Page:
As well as the defense played Saturday, there almost certainly would have been a few more points scored if Georgia's receivers had done a better job holding on to the football.
"I thought each quarterback put the ball on the money most of the time," Richt said. "It would have been nice to see the receivers hold on to it, and it would have been a lot more exciting for fans as well."
Receivers dropped six passes in the game – several of which would have been for big gains. Aron White dropped two passes over the middle, and Israel Troupe had a grab close to the end zone that squirted out of his hands at the last second. Vernon Spellman, Caleb King and Zach Renner also had drops in the game.
It was a source of concern Saturday, but quarterback Joe Cox said the performance hasn't been indicative of the job the receivers had done overall this spring.
"We haven't had a problem with drops, so it was kind of surprising to see so many of them," Cox said. "But it happens. This is just one of those things where you make a mistake, and you just try to not make it again. I'm still completely confident in the wide receivers we have, and I know they'll use this day to work that much harder this summer to get ready for the season."
READY FOR RETURNS
Jeff Owens used a towel to rally the crowd during a few dull moments in the game. Demarcus Dobbs wore a protective boot and hobbled up and down the sideline with crutches tucked under his arms. Bruce Figgins watched his depleted corps of tight ends haul in six of the 21 receptions in the game but never stepped on the field, himself.
More than two dozen Bulldogs missed Saturday's G-Day game due to injuries, but by the time Richt sees his team again in August, that number shouldn't be nearly as high.
"We're short about 25 healthy bodies, and when our rookies and freshmen come in, by June there will be another 50 healthy guys running around, which will be a boost in and of itself," Richt said.
Only wide receiver Kris Durham, who will undergo shoulder surgery next month, and offensive lineman Josh Davis, who had two shoulder surgeries this offseason, are expected to miss any of the regular season, Richt said.
Still, this spring proved to be only marginally useful in terms of defining roles in the fall because there were simply too many players on the sidelines to make a fair assessment. But while the competition may not have been as fierce as the coaching staff preferred, the results were still positive.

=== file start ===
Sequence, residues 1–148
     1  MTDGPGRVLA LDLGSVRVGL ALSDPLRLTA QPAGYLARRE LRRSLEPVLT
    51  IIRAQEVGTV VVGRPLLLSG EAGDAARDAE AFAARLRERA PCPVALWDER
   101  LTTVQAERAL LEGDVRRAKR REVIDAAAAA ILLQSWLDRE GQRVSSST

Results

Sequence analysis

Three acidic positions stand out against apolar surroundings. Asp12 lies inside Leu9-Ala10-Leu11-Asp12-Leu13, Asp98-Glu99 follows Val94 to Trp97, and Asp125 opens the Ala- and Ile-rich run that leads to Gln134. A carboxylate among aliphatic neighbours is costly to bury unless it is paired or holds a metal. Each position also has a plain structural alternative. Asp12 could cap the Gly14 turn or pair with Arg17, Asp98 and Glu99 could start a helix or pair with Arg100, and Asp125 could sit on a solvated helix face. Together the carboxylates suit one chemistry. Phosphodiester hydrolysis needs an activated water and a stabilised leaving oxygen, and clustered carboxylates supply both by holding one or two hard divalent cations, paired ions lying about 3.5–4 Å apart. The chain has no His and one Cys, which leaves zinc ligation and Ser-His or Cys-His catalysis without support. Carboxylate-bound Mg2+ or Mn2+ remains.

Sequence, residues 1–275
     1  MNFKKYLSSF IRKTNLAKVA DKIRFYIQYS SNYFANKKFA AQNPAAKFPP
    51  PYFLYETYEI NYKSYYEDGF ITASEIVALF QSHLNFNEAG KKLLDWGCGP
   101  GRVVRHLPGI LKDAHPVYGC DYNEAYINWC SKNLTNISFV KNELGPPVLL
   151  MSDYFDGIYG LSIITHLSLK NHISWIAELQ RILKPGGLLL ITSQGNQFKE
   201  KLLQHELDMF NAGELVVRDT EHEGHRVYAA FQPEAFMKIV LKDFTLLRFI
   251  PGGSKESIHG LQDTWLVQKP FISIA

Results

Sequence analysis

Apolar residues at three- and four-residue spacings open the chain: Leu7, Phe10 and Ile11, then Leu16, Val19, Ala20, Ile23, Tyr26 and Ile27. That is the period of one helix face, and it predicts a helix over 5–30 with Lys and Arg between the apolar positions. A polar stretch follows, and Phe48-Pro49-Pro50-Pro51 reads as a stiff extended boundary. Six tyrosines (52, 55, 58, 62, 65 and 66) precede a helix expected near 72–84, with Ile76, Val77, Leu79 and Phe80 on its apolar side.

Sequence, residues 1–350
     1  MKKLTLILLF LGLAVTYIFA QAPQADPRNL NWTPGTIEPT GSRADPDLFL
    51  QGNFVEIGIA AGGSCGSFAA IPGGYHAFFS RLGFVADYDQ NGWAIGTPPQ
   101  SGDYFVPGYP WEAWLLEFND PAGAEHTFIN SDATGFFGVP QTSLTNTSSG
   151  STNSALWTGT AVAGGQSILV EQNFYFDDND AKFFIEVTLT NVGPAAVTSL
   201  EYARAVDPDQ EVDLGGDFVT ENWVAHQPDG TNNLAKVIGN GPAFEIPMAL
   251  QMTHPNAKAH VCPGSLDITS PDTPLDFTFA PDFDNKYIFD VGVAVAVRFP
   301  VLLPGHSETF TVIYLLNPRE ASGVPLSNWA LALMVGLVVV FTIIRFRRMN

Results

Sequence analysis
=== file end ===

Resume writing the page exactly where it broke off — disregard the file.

"I think we accomplished as much as we could under the circumstances," Richt said. "Now it's going to be up to our senior leaders to take us from this point to where we need to be in August."
ANYTHING CAN HAPPEN
One position in which injuries prevented much shuffling on the depth chart this spring was on the offensive line.
After a season in which offensive line coach Stacy Searels had to piecemeal a group together nearly every week, plenty of depth appears to be on the horizon once Trinton Sturdivant, Chris Davis, Vince Vance and Josh Davis return from injuries. All four missed the spring.
"We'll have some options in the fall, so there's no telling what can happen," said Clint Boling, one of the few healthy starters guaranteed of a spot in the starting lineup in the fall. "We'll have a lot of guys with experience, and that's going to help us all. It's going to bring out the competition, and guys are eager to accept that."
While Boling figures to be a clear-cut starter in September, just where he'll land on the line is up in the air. He played every position on the line except center a year ago, and Richt said there's no safe bet as to where he might end up in 2009.
"If Trinton comes back healthy, I could see Clint playing the left guard spot," Richt said. "That's if we feel certain that Cordy (Glenn)'s a right tackle. Cordy could still be a guard and Vincent Vance might be a right tackle. There's a lot of things that could move around."
FINALLY GETTING ACTION
Dontavius Jackson has watched and waited long enough. The freshman tailback redshirted the 2008 season and was held out of spring practice with an injury up until Monday. But Jackson finally returned to full participation last week, and although his work on G-Day – three carries for just one yard – was hardly eye-popping, Richt said he was happy just to have his tailback healthy and carrying the football.
"He came out healthy," Richt said. "It's tough to not get into any kind of contact until this game, but I was just glad he got to play, get tackled a few times and get the confidence that his injury is OK."
A GOOD CROWD
There's nothing quite like having your first taste of action in front of fans at Sanford Stadium to be broadcast for the world to see, but that's exactly what was in store for freshman quarterback Zach Mettenberger on Saturday.
"I'd never been on national TV," Mettenberger said. "It was definitely a different atmosphere out there than Oconee County."
The G-Day game was broadcast nationally for the first time by ESPN on Saturday, and several former Bulldogs made the trip to Athens to put in some time in front of the cameras or behind the microphone.
The official attendance totaled 42,458, and the team raised 15,000 pounds worth of donations for the Food Bank of Northeast Georgia as well.
"It was a great crowd, beautiful weather," Richt said. "I thought it was a great day for Georgia football."